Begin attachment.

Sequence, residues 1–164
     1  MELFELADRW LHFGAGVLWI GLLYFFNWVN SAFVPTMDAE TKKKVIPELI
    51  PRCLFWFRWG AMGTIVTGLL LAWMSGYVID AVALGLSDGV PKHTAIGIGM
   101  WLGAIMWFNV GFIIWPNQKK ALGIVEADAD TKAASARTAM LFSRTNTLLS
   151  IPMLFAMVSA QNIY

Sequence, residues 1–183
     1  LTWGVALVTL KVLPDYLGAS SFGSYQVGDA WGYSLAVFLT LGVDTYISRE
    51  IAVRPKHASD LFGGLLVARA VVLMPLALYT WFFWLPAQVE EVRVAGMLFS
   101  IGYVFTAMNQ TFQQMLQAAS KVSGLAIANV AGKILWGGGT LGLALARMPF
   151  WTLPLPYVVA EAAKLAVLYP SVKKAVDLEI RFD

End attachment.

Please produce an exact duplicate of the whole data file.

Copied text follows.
Sequence, residues 1–164
     1  MELFELADRW LHFGAGVLWI GLLYFFNWVN SAFVPTMDAE TKKKVIPELI
    51  PRCLFWFRWG AMGTIVTGLL LAWMSGYVID AVALGLSDGV PKHTAIGIGM
   101  WLGAIMWFNV GFIIWPNQKK ALGIVEADAD TKAASARTAM LFSRTNTLLS
   151  IPMLFAMVSA QNIY

Sequence, residues 1–183
     1  LTWGVALVTL KVLPDYLGAS SFGSYQVGDA WGYSLAVFLT LGVDTYISRE
    51  IAVRPKHASD LFGGLLVARA VVLMPLALYT WFFWLPAQVE EVRVAGMLFS
   101  IGYVFTAMNQ TFQQMLQAAS KVSGLAIANV AGKILWGGGT LGLALARMPF
   151  WTLPLPYVVA EAAKLAVLYP SVKKAVDLEI RFD